Link: GAO Opinion
Agency: General Services Administration
Disposition: Protest denied.
Keywords: FSS contract, Pricing a task order quote under a GSA Schedule contract
General Counsel P.C. Highlight: Pricing of a task order quote must be based on existing GSA Schedule contract pricing and not on prices expected to be approved in a new GSA Schedule contract award that has not yet been awarded.
Under a request for quotations issued by the General Services Administration on behalf of the Department of Veterans Affairs, a Federal Supply Schedule (FSS) task order was issued to Electronic Data Systems, LLC to provide information technology support services for the VA’s Computerized Patient Record System. Based on the solicitation, the successful offeror would be determined based on its initial quotation and a best value evaluation.
Perot Systems Government Services, Inc. submitted a quote that it said was based on its existing Schedule contract. It noted further that the pricing included in that quote was based on the pricing included in its new Schedule contract, which was under review by GSA and had not yet been approved. Because the proposed prices did not match the pricing in its existing GSA Schedule contract, the Perot Systems quote was excluded as being in violation of the GSA Schedule contract requirements.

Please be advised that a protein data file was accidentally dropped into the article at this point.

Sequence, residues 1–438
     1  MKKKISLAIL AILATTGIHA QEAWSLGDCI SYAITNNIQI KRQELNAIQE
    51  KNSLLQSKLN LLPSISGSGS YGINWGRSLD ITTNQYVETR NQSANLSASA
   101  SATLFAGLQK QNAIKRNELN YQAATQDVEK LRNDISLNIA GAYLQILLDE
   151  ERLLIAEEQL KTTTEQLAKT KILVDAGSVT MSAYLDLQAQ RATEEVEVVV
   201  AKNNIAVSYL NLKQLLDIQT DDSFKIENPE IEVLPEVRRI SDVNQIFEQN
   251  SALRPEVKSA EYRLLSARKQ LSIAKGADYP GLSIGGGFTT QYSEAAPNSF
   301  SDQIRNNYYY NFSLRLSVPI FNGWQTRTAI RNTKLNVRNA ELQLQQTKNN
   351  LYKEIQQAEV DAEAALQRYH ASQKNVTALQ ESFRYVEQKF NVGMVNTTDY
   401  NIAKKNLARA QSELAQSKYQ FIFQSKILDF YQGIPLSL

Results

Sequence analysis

The GSA requires that all quotes and accepted task orders under the GSA Schedule program must be based on existing schedule prices that are published as part of a prior GSA Schedule contract award. The existing schedule contract award affirms that the GSA has determined the listed prices to be fair and reasonable. FAR §§ 8.402(b) and 8.404(d). The only exception to this rule is that vendors may offer discounts to their existing price list. FAR § 8.404(d).
Perot’s protest specifically challenged its exclusion because the solicitation explicitly allowed vendors to propose pricing “derived from” their current FSS contract. Because its proposed pricing was “derived from” both its existing and proposed pricing, it should have been acceptable. Moreover, since most, but not all, of Perot’s pricing was lower than its existing pricing and since its proposed overall price was lower than the awardee’s price, it should not have been excluded.
GAO held that because Perot quoted prices that were not on its current FSS contract, some admittedly higher than its existing and approved pricing, its quotation was inconsistent with the solicitation’s requirements and therefore was properly excluded. Perot’s protest was denied.